Last month, in a phone conversation between Donald Trump and Angela Merkel, the US president shared his views on Turkish leader Tayyip Erdogan.
“He’s a great guy,” Trump told the German chancellor, according to sources familiar with the exchange.
Merkel listened politely before pointing out that Erdogan had been lobbing vitriol at Germany and its European allies for weeks, denouncing them as the descendents of Nazis.
Trump was surprised, the sources said. He appeared unaware that Ankara and Berlin were in the midst of a fierce diplomatic row over whether Turkish ministers should be allowed to campaign in Germany for a referendum on boosting Erdogan’s powers.
The White House did not respond to a request for comment. The German government declined comment.
The exchange, weeks after Merkel paid her first visit to Trump in Washington, underscored the challenge the German leader faces as she tries to forge a relationship with a president that half a dozen European officials described as erratic and prone to rhetorical excess.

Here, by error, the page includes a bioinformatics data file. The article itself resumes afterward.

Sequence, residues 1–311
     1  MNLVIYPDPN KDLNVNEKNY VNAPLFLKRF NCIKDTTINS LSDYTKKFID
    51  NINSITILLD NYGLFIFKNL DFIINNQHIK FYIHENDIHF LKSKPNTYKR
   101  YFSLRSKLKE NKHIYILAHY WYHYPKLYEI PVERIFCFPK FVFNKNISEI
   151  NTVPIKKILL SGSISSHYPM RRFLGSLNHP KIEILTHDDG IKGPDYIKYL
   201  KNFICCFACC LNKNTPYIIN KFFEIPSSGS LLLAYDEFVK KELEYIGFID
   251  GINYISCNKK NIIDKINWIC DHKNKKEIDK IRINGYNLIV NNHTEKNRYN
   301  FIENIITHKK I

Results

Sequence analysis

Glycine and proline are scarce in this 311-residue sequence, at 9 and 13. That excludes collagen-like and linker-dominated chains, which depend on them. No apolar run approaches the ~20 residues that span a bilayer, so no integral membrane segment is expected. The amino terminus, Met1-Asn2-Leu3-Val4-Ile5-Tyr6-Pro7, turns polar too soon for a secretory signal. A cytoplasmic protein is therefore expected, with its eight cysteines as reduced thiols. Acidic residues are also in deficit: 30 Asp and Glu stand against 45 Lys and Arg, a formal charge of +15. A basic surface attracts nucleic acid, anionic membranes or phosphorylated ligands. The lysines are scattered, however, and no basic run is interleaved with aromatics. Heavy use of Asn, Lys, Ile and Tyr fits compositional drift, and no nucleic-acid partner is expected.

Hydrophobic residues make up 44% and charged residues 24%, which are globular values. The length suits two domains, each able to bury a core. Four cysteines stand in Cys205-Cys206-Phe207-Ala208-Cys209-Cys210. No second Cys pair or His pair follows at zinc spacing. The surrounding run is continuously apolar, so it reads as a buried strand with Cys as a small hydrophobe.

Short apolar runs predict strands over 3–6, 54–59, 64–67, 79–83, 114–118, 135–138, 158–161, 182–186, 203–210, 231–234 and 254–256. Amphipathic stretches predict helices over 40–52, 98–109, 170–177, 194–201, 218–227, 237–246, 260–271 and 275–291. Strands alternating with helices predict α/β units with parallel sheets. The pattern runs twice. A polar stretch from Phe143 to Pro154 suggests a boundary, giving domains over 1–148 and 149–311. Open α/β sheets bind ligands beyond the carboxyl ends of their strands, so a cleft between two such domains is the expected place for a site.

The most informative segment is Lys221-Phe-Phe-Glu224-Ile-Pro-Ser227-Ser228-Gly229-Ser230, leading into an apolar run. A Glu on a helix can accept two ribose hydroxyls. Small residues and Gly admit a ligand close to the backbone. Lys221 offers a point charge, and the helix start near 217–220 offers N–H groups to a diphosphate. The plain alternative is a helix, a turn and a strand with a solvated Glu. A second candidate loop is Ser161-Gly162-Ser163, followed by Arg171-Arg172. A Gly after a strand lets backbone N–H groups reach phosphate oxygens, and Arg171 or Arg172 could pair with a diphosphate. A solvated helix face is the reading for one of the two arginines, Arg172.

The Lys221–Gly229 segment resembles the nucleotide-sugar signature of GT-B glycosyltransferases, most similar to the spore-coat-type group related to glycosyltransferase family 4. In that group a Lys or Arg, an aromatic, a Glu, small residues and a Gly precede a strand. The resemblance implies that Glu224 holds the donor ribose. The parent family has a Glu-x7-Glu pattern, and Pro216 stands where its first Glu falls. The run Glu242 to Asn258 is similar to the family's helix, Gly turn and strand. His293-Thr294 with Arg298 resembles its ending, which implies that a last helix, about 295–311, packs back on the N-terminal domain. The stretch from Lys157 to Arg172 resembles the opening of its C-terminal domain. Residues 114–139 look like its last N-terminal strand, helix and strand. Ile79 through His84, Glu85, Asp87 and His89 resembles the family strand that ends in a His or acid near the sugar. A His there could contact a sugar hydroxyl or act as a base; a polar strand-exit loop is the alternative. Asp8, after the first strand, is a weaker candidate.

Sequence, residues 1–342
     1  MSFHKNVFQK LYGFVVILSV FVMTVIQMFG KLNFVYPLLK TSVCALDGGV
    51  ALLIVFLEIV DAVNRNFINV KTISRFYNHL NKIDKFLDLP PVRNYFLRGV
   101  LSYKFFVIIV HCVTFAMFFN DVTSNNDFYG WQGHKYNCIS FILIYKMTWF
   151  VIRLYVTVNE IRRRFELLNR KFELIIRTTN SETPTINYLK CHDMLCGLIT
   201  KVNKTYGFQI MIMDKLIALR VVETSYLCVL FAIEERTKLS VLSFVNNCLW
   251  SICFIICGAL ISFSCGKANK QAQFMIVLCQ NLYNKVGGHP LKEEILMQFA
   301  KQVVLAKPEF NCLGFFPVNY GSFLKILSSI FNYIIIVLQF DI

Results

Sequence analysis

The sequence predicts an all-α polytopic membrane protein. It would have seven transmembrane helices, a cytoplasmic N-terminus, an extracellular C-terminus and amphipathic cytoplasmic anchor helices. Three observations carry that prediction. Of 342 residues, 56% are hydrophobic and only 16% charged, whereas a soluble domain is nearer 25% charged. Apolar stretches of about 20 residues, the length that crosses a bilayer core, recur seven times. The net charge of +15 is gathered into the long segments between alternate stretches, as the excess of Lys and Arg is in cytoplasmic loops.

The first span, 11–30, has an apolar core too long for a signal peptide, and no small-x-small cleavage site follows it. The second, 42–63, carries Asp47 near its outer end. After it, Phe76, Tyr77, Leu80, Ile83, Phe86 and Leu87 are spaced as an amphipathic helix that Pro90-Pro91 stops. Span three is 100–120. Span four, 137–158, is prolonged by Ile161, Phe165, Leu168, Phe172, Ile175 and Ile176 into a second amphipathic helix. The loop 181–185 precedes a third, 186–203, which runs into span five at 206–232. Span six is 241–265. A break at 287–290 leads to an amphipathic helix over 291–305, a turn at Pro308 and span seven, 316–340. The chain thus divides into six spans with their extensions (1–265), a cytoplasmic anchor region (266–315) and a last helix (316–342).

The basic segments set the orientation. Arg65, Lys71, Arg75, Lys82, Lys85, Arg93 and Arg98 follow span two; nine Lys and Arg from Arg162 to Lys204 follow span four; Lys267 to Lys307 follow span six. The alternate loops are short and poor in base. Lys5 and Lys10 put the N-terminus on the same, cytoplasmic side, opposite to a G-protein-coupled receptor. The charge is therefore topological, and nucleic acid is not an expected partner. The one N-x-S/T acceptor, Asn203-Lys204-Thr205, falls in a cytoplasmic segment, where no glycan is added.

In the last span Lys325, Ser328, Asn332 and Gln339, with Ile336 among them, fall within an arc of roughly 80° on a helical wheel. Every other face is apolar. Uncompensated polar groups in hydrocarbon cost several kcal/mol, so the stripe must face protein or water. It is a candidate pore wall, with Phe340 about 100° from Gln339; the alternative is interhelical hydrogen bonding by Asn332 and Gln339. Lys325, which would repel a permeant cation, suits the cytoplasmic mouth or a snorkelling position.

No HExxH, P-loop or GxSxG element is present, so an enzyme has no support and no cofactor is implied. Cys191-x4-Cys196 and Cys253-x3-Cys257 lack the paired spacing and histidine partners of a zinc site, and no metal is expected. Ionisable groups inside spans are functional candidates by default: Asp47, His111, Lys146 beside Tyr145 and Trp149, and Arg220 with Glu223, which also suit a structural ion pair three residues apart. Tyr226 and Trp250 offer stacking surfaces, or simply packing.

Six months after Trump’s election and a little more than a week before he makes his first trip to Europe as president, officials in Berlin and other European capitals are still unsure about where the Trump administration stands on many of the big issues that concern them.
Coupled with this confusion is relief that he has not turned US foreign policy on its head, as some feared, during his first months in office. Trump is no longer calling Nato obsolete. And he has kept Russia’s Vladimir Putin at arm’s length. Apart from his suggestion last month that an attack on policemen in Paris would help far-right leader Marine Le Pen in the French election, Trump has not intervened in European politics or sought to undermine the European Union.
His controversial National Security Adviser Mike Flynn has been fired, replaced by HR McMaster, who is seen as a smart, steady hand. And the influence of Steve Bannon, the White House adviser Europeans fear most, may be on the wane.
“We feel there is now a productive working relationship,” said Peter Wittig, the German ambassador to Washington.
But beneath the veneer are lingering questions about the president’s character and his policies on a range of issues.